Ryan Kane, who helps home technology integrators get more leads through digital marketing at the Uptumble on-line service, argues its time to be more pro-active with service plans.

Technology integrators have heard it countless times now: the future is in service and recurring revenue. So why, when browsing integrators’ websites, is it so hard to find any inkling of marketing or pricing? A review of the CEPro Top 100 shows that just a fraction of leading custom integration companies pitch their service programs on their website or allow online signup. 

Now, some might argue that this is for strategic reasons.  Why give your pricing away to competitors?  Why risk scaring off price-sensitive clients before you have the chance to pitch the full value during a consultation?

Three points here:

It’s not that big a secret. 
Monthly service pricing varies a whole lot less than custom projects. There’s not a whole behind the curtain here to hide from competitors. And if people browsing your website are scared off by $100+ bucks a month, they’re probably not going to be a great fit for a Service-First model, anyway.

You want to set the expectation of service from the very beginning.
In today’s world, your website is your first salesperson. And if service is the core element of what you do, you want to set that expectation from your first interaction.  By touting the benefits of your service plans online, it’s a whole let less surprising when you bring it up again later in the sales process.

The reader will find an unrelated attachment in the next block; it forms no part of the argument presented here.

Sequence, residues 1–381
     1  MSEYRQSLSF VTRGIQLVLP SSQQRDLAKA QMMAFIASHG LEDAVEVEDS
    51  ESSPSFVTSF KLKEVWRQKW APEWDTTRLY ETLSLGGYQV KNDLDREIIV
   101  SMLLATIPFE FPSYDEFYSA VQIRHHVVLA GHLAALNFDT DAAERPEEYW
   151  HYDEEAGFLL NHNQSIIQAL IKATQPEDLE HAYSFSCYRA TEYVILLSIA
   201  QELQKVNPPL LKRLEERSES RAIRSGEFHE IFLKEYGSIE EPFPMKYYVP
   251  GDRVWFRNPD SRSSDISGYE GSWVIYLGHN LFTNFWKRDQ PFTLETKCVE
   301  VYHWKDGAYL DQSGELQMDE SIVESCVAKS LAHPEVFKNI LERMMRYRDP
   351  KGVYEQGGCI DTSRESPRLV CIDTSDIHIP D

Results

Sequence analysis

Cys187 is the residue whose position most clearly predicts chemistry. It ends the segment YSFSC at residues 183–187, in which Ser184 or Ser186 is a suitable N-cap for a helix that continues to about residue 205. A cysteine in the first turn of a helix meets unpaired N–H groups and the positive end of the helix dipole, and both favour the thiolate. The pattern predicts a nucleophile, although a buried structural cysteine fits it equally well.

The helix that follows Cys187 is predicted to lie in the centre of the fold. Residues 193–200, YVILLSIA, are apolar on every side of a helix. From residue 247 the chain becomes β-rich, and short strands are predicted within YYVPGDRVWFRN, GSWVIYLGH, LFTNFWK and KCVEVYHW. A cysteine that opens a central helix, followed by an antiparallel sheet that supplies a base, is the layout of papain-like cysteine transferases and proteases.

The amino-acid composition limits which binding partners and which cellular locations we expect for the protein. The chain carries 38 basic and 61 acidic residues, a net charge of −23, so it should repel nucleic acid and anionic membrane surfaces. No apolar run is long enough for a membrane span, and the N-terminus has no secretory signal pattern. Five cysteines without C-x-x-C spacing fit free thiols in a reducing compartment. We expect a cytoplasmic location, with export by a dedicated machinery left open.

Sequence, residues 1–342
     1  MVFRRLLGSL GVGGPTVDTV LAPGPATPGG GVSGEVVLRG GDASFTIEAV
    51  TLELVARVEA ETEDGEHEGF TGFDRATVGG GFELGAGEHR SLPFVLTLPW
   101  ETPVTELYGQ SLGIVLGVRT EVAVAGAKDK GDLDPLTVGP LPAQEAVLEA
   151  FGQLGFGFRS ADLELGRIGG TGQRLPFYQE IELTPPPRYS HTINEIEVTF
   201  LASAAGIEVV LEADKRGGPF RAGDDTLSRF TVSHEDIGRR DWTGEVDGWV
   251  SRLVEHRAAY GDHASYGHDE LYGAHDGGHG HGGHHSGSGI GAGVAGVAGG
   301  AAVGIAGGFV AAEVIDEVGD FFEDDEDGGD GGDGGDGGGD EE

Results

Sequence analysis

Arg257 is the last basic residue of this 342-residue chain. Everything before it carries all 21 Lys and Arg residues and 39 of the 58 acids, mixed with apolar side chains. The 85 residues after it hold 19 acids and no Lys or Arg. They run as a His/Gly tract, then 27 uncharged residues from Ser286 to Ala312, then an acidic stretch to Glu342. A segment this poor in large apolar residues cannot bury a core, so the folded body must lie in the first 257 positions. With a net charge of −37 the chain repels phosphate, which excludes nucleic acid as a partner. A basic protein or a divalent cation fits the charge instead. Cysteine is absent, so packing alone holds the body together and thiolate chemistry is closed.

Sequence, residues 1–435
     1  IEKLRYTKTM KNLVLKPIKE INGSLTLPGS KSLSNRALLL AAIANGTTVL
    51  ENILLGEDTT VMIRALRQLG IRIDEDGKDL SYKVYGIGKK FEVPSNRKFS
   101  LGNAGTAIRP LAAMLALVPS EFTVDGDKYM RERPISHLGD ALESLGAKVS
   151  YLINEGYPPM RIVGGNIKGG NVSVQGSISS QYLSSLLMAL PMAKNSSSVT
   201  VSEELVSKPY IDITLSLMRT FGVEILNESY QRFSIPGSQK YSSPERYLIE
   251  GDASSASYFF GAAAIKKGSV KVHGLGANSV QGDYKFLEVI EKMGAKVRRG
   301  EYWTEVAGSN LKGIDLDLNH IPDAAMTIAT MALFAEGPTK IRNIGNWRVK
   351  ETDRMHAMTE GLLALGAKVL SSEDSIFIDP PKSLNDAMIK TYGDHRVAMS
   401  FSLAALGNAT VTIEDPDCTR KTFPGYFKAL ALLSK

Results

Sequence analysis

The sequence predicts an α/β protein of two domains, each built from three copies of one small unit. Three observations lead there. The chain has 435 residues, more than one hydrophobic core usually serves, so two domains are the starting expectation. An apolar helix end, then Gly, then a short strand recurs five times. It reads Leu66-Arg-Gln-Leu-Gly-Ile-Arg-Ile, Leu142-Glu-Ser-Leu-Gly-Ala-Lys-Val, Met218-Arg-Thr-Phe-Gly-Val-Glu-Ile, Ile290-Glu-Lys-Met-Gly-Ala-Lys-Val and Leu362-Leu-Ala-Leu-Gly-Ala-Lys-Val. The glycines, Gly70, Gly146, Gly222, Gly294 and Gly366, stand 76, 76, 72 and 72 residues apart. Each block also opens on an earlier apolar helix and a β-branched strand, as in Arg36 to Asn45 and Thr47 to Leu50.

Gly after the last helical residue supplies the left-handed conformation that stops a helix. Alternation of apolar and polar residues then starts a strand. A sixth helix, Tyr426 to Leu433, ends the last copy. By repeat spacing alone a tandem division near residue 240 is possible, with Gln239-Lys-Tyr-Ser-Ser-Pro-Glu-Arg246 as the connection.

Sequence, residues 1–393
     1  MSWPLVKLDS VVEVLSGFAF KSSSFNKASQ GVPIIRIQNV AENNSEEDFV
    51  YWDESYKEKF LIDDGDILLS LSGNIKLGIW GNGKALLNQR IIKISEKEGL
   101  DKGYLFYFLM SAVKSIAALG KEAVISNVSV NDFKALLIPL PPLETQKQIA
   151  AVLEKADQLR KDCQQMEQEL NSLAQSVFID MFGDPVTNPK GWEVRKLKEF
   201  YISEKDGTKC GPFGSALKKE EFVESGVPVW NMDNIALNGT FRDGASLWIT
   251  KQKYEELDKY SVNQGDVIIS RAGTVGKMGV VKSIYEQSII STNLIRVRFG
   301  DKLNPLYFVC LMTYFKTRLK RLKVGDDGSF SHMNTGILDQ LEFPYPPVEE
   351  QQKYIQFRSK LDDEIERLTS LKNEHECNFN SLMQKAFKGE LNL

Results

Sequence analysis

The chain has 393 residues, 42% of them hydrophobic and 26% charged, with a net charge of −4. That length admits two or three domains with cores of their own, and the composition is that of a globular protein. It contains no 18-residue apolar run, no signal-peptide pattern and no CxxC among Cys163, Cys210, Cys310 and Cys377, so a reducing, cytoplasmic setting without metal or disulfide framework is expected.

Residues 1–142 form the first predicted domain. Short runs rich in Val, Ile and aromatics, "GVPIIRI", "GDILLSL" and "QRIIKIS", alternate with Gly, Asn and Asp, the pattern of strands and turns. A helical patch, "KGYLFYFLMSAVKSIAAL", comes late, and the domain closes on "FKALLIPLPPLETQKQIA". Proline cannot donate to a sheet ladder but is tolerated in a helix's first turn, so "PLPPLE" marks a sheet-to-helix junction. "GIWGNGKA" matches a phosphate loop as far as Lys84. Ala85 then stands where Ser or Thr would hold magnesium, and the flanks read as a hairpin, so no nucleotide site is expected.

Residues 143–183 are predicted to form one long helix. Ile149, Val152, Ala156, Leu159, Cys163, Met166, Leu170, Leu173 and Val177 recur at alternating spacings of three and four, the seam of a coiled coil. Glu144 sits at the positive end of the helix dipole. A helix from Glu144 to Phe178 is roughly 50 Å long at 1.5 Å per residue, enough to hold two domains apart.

Life’s way easier when you streamline your signup process.
OK, so signing up for service plans is nothing like selling widgets in an e-commerce shop.  But the fact is, putting everything online allows you to automate a chain of events that makes life easier.  If you have three set plans anyway, and the same contract for every customer, you’re going to reduce the friction to sign up (both for the customer and for your team).

Instead of doing everything manually, let the customer go to your signup page, pick the plan they prefer, agree to the terms, put in their credit card, and automatically get billed monthly until they choose to downgrade/upgrade/cancel.

So that’s the why. What about the How?

That’s going to depend heavily on your customer base and what you think your strengths are, but there are a few constants.

First, pricing. Typically, three or four tiers of pricing are the most you want to have.  Offer more than that, and you risk losing the definition between your plans and confusing the customer.  Consider offering an expensive premium plan, even if you think few (or no) customers would actually go for it. 

Premium plans serve as a price anchor, making the rest of your service plans look like a better deal.

Second, services. Remote service via platforms like OvrC is a common value-add, and makes life easier than rolling a truck for simple network troubleshooting. Many technology integrators also offer after-hours or 24/7 service on their higher-end plans. For those without a dedicated service team, it’s possible to outsource those functions to dedicated technology service teams like OneVision. 

Third, implementation. After you’ve figured out pricing and service offerings that make sense for you, the next step is logistics.

Many integrators use Chargify to automatically charge their clients’ credit cards monthly.  Chargify integrates with mainstream accounting platforms, so bookkeeping stays simple. Folks, if Best Buy can do it, you can!  If you’re making strides toward becoming a ‘technology concierge’ as the industry evolves, consider making your life easier by getting your service plans online.

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